Monsters are disruptive characters, who cross boundaries and blend categories. They come in various kinds: Non-human monsters, such as Dracula, created-by-human monsters like Frankenstein, human monsters like Hitler, and more-than-human monsters such as the X-men. These monsters can either be dangerous or helpful to humanity. Dangerous monsters appear as infectious, viral forces, while helpful monsters are inoculative forces for positive change. In either case, they penetrate the borders set up between normatively separate categories. Critics and authors have long realized the connection between heroes and monsters, often portraying them as necessary to one another, as two sides of a single coin. However, this analogy is lacking, because it does not allow for the possibility that a single character can display varying degrees of both heroism and monstrosity. Mario Yerro and Bruna Husky present such characteristics in Yeti and Lágrimas en la lluvia, as evidenced by their physical appearance, their relations to scapegoats, the porosity of species and other boundaries, and the decisions they make in regards to the Other.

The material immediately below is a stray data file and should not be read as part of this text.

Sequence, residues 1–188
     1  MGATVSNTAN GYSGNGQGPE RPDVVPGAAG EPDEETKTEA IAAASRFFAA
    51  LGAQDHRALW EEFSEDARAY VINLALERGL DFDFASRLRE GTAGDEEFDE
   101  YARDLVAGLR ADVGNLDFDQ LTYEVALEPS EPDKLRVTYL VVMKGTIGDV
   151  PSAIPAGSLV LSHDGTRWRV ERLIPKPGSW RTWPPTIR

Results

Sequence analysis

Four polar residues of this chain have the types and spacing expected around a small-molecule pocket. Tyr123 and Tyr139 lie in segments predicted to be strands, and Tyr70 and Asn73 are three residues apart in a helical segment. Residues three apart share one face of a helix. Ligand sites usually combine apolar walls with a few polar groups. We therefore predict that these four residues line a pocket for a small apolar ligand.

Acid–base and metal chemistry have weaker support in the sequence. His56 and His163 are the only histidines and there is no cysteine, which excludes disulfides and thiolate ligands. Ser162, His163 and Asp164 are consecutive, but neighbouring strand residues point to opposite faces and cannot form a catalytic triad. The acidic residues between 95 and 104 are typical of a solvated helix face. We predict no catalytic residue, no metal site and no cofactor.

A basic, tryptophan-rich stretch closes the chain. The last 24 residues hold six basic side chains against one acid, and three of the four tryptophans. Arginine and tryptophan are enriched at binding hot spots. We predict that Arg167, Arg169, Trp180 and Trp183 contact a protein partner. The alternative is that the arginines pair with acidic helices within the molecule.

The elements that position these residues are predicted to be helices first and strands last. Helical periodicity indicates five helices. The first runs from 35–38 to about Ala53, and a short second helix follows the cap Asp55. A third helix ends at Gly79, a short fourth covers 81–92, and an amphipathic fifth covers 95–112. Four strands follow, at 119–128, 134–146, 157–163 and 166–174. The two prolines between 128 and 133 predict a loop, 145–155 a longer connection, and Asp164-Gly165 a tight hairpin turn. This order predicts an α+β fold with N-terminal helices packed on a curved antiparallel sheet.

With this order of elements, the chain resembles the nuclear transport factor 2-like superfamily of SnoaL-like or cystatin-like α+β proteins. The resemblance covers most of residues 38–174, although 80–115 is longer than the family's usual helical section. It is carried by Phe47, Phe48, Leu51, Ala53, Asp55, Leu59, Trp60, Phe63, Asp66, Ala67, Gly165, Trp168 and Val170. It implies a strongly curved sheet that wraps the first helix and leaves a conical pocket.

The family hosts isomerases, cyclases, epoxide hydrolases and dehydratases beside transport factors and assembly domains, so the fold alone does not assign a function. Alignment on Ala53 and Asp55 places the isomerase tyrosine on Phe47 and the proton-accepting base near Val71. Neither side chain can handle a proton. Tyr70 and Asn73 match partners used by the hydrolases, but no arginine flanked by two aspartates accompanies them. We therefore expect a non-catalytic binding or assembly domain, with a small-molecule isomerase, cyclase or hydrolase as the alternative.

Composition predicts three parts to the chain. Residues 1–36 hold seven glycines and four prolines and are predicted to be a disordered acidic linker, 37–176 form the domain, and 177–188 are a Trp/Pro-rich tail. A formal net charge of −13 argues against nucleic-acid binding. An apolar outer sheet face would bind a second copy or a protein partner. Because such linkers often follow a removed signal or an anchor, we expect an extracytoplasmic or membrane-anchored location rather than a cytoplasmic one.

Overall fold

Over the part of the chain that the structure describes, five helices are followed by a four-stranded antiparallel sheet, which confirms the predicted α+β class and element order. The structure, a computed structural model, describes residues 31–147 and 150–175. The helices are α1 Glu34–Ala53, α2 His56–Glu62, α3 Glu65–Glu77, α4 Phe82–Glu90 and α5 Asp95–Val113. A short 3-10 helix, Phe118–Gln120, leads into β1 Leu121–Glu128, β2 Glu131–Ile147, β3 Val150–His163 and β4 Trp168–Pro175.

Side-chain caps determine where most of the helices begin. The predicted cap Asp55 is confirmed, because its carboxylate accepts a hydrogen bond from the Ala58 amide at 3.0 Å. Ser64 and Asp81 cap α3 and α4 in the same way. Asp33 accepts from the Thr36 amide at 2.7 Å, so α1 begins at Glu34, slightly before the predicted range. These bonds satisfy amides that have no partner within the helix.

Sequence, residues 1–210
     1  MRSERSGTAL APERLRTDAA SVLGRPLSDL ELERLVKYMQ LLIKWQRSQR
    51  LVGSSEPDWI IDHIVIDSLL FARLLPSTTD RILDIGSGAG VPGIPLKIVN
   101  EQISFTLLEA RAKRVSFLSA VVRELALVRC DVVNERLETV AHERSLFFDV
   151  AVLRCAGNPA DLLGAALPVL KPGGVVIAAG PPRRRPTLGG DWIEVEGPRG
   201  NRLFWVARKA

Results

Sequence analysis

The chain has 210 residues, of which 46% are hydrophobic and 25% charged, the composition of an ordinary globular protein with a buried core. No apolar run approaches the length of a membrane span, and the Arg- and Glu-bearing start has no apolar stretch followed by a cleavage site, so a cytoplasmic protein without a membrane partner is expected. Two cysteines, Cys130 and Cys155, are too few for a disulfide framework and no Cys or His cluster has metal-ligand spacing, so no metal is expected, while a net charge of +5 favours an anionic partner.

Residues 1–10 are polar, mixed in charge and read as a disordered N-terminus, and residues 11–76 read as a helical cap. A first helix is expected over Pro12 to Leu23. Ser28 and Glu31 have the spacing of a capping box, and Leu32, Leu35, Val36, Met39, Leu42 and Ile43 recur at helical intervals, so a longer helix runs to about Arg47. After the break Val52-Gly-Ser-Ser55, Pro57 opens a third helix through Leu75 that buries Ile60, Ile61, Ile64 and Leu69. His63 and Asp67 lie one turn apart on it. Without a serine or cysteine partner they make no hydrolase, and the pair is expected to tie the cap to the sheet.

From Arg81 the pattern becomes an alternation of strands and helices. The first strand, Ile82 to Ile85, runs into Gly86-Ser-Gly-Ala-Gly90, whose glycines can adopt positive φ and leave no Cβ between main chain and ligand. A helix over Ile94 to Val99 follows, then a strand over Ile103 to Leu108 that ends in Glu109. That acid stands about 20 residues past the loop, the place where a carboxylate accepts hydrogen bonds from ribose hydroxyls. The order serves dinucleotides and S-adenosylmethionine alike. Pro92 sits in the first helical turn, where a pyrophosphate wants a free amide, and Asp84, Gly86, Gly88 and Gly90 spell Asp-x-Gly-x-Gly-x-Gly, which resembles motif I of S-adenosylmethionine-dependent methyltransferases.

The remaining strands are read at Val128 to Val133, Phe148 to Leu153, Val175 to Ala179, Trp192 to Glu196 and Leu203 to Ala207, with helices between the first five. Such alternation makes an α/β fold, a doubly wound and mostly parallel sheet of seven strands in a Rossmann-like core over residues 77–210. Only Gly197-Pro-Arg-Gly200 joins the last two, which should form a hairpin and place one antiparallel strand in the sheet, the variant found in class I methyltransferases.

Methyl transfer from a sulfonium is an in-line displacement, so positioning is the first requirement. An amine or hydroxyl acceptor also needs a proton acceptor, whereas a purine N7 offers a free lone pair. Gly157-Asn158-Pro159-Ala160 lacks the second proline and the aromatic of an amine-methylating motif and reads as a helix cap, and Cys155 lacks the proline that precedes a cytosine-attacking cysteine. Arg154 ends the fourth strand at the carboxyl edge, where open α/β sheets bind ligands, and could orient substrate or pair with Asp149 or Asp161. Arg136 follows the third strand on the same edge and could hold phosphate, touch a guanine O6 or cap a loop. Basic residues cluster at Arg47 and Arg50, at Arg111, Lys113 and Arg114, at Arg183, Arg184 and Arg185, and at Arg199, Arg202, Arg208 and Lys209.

College and Department
Humanities; Spanish and Portuguese
BYU ScholarsArchive Citation
Lemon, Kiersty, "The Infectious Monster: Borders and Contagion in Yeti and Lágrimas en la lluvia" (2015). Theses and Dissertations. 5734.
monsters, heroes, others, monstrosity, heroism, science fiction, speculative fiction